Aerogel is a non-fibrous material. What does that mean? As fibers are typically organic, they are subject to potentially breeding bacteria. Aerogel is, therefore, easy to clean and doesn’t smell. Have you ever washed a down comforter? Do you know that damp smell that comes from it before it is dried? That doesn’t happen with the Aerogel.
According to Biigloo, 1mm of aerogel is equivalent to 40mm of cotton or down from a “warmth-keeping” perspective. Since only 1mm of aerogel is used in the lining of the quilt, it remains quite thin and lightweight. I couldn’t imagine how bulky the equivalent version would be using down or cotton – it wouldn’t be feasible for the same warmth level.
While I haven’t washed the AeoroQuilt yet, I am told that you can put it in your washer and dryer. You just can’t iron it. And, it is supposedly more eco-friendly than other similar materials.
Dimensions and specs
While the final specifications of the AeroQuilt are still being determined, I have been told that the quilt is 2.2 meters in length by 2 meters wide (7’3″ by 6’7″). And the weight is about 3180 grams or about 7 pounds. It is only a couple of inches thick at its thickest point.
The quilt layers
The AeroQuilt has a sandwich of layers. This is my non-technical diagram of the layering:
- Super-fine down & velvet
- DuPont SORONA bio-fleece
- 1mm Aerogel
- DuPont SORONA bio-fleece
- Super-fine down & velvet
One material that I haven’t mentioned yet is the DuPont SORONA bio-fleece. While the aerogel is completely non-organic, the SORONA fiber is derived from plant fiber. However, it is odorless and safe to be used around infants and children. Also, it can be washed in a washing machine which for me is critical (I hate doing delicate washes). Lastly, it has good breathability and moisture absorption, which means that if you sweat, you stay dry.
Lastly, the outer fabric is manufactured to not lose its color over time because it uses an “active printing and dyeing process,” according to Biigloo. So not only can you wash the quilt, you can also not worry that it will lose its color.
The colors that it currently comes in are Botticelli Blue and Linen White. The one we have is Botticelli Blue. Once they move to mass production, another color will be available – Champagne.
Additional details and thoughts
My wife and my multi-week test of the Biigloo AeroQuilt has thus far been quite positive. My wife likes how she can maintain a fairly even warmth based on the heat that her body radiates. The quilt can be used on a bed or simply as a blanket to wrap yourself in.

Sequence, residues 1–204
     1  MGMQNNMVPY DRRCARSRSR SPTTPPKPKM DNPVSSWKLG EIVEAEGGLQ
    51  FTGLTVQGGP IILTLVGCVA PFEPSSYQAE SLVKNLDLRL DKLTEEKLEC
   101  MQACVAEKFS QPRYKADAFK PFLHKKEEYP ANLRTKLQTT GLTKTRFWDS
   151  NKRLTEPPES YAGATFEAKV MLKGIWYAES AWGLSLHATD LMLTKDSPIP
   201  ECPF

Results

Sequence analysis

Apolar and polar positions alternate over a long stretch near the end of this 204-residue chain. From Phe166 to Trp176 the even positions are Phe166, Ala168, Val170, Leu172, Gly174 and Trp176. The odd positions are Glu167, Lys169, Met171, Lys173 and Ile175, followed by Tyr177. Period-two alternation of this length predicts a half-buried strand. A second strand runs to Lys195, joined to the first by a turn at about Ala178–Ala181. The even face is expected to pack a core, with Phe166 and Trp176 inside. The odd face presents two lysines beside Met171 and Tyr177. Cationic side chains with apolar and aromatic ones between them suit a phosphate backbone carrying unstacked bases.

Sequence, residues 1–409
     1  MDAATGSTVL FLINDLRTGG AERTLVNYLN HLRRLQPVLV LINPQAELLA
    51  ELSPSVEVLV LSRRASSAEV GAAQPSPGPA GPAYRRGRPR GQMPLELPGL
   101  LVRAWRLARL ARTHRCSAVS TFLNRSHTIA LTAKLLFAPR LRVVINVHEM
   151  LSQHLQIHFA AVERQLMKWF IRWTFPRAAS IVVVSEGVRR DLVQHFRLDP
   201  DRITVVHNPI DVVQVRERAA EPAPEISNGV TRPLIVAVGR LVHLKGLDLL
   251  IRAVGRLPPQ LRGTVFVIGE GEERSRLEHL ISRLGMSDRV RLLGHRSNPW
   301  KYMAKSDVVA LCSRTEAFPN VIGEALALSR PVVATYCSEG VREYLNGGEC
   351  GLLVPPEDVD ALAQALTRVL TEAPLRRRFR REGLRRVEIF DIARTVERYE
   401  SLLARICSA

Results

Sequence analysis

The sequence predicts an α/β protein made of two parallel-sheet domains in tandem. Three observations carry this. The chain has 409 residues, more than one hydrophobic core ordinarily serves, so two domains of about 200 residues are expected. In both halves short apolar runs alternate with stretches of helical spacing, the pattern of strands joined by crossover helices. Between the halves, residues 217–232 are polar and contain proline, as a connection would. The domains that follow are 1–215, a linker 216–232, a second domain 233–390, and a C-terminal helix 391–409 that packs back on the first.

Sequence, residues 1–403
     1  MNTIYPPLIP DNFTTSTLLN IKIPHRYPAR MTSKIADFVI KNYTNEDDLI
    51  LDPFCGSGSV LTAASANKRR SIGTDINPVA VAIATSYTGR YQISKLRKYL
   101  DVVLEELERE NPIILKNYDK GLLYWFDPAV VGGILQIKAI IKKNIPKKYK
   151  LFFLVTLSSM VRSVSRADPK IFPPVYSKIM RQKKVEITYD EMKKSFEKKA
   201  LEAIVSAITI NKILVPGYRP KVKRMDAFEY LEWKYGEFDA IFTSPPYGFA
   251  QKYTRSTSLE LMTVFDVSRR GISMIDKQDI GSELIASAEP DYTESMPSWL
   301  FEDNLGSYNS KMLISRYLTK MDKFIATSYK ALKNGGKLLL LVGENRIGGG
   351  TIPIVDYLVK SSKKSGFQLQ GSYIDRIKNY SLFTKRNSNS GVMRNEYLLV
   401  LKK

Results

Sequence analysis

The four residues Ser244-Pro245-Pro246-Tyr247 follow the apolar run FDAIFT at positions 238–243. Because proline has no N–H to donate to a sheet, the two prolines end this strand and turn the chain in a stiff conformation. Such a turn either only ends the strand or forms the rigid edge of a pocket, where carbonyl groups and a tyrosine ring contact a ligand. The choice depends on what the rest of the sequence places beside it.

But Biigloo has another product in development worth mentioning – a sleeping bag that uses the same aerogel and similar multi-fabric technology (except that it uses 20D400T ultra-fine nylon as the inner and outer layers).
I have not had the pleasure of testing the sleeping bag yet, but I hope to do so in the coming weeks. So, while I have received additional details on the Biigloo sleeping bag, I will hold off on offering my opinions. But, from what I have read, it does look quite promising, including low-temperature resistance.
With our experience with the quilt, I expect the sleeping bag to be equally positive. Again, this product, as of the writing of this article, is launching on Kickstarter on January 24, 2023. In terms of pricing, I have been told by the Biigloo team what both the crowdfunded price and MSRP of both the quilt and sleeping bag will be. The quilt starts at $169 on crowdfunding (which is a 43% discount from the $299 MSRP). And the sleeping bag starts at $159 (a 41% discount from the $269 MSRP). Obviously, these may be subject to change, but I do feel they are reasonable, especially at the crowdfunded price, so don’t miss out!
Disclosure: I have a material connection because I received a sample of a product for consideration in preparing to review the product and write this content. I was/am not expected to return this item after my review period. All opinions within this article are my own and are typically not subject to editorial review from any 3rd party. Also, some of the links in the post above may be “affiliate” or “advertising” links. These may be automatically created or placed by me manually. This means if you click on the link and purchase the item (sometimes but not necessarily the product or service being reviewed), I will receive a small affiliate or advertising commission. More information can be found on my About page.
HTD says: Biigloo has incorporated space-aged technology into two products, a quilt and a sleeping bag, that allows both of these items to be lightweight yet provide warmth even in quite low temperatures.